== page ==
In an Extra Crunch Live this past week, Cleo Capital founding partner Sarah Kunst broke down what founders can learn from Supreme, a sought-after streetwear brand. She argued that founders, similar to Supreme, should build a brand around themselves that is so well-respected and has clout that whenever they start something new, investors will line up.
“A Supreme shirt that costs $100 bucks in the store will cost $1,000 online so, as an investor, I am just a kid on the street corner flipping sportswear,” Kunst mentioned. “Who do I think is going to be an investment with such velocity that getting in early is going to be more than worth it as they grow.”
I think this is the best framing I’ve seen about how to drum up excitement for a startup as a founder. FOMO isn’t a strategy, it’s a tactic. What really works, as Kunst alluded to, is when founders can point to key insights they’ve had throughout their career beyond the context of a fundraising process. In other words, anyone can create a nice t-shirt and slap a logo on it. Which founder in this sector is going to give it meaning? It might be the one with the big former exit, the one that was the first Black woman to ever build a unicorn, or the one that was on the ground facing the pain point they now want to solve.
We get into how to build a fundraising process, the concept of soft-circling an investor and what Kunst says is one of her biggest pet-peeves in a pitch deck on the site, but I wanted to give you that sneak peek for now.
Saying ‘yes, please’ to no code
This week, Airtable was valued at $5.77 billion from a fresh Series E fundraise.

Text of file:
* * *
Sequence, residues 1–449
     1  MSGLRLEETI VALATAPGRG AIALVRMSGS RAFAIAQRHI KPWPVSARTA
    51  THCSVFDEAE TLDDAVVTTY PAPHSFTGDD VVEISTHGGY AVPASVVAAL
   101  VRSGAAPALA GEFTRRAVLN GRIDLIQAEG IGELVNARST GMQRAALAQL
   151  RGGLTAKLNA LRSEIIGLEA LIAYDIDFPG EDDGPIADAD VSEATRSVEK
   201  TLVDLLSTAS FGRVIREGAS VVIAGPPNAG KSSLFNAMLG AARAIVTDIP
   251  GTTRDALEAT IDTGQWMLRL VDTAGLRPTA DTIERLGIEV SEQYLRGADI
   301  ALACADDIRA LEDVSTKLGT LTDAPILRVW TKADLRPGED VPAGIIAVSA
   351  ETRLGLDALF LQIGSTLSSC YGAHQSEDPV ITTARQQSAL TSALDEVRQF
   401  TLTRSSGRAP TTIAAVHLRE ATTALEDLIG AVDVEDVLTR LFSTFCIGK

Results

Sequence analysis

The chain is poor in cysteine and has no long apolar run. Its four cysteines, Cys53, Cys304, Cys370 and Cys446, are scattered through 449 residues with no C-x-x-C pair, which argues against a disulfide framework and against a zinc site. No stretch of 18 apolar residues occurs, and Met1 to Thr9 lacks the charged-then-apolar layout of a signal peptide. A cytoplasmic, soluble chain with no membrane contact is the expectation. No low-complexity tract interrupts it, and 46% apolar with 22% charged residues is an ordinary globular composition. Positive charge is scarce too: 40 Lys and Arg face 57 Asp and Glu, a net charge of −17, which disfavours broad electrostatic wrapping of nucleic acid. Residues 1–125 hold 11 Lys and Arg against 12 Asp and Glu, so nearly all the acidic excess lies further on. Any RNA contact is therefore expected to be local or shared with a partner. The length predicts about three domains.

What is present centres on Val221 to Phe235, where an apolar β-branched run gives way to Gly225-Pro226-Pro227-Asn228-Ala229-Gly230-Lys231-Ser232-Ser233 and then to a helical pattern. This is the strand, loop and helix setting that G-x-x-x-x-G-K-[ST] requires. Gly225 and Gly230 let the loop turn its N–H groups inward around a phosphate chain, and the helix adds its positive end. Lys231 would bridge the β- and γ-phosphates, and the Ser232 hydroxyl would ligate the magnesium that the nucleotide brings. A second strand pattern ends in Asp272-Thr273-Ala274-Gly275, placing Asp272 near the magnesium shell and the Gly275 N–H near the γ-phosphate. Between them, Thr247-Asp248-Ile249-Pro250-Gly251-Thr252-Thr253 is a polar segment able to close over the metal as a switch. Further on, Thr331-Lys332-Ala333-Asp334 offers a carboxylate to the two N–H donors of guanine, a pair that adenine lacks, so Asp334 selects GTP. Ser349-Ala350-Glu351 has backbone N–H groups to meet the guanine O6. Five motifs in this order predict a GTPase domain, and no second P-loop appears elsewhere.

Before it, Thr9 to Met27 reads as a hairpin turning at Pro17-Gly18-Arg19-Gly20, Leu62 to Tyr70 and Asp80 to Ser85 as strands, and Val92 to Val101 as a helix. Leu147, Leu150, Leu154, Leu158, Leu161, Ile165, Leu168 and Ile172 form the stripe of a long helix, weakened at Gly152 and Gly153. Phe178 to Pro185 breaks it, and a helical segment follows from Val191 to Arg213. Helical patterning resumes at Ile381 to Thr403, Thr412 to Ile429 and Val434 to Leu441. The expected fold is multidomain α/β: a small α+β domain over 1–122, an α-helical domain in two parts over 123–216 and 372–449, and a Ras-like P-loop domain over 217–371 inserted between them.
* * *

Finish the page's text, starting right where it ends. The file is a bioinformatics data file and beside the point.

Here’s what to know: As we discussed on Equity, Airtable is far more than a savvy Excel sheet with bells and whistles. It is one of the leaders in the no-code movement, and founder Howie Liu recently opened up its API to promote developer innovation atop its platform.
A seedy asset class
Per Climate Editor Jonathan Shieber, farmland could become the next big asset class modernized by marketplace startups.
Here’s what to know: One startup, AcreTrader, is trying to create a Robinhood for buying farmland, which I think is indicative of how lucrative some view a patch of land. CEO Carter Malloy thinks that while private equity often gets press for being in the land game, most land is owned by smaller ownership through families.
“Over the last few months, we’ve consistently seen our offering sizes grow while our funding windows shrink, showcasing the fast-growing desire surrounding this resilient asset class,” he said.
More places for investors to throw their money reminds me of two other stories for you to check out:
Consider these upcoming notes as the coupon section for your early-stage founder and investor dreams.
First up, I’m tossing you a discount code to our TechCrunch Early Stage conference, our two-day virtual event for founders, investors and operators. Use code “TCARTICLE” to get 20% off your ticket so you can attend super cool events like how to bootstrap with Calendly’s Tope Awotona and OpenView’s Blake Bartlett, how to pitch your Series A fundraise with Kleiner Perkins’ Bucky Moore, and finance for founders with Alexa von Tobel.
Secondly, we are already well into planning TechCrunch Disrupt 2021! Grab super early-bird passes for less than $100, to attend our all-virtual event.
Thirdly, thank you for all the support. DM me any questions you might have, and I really hope to see your lovely faces there.
Across the week
Seen on TC
Uber under pressure over facial recognition checks for drivers
5 trends in the boardrooms of high-growth private companies
Forget medicine, in the future you might get prescribed apps
Tech companies should oppose the new wave of anti-LGBTQ legislation
Seen on EC
Social+ payments: Why fintechs need social features
Snowflake gave up its dual-class shares, should you?
MaaS transit: The business of mobility as a service
Survey: Share feedback on Extra Crunch
Talk next week,
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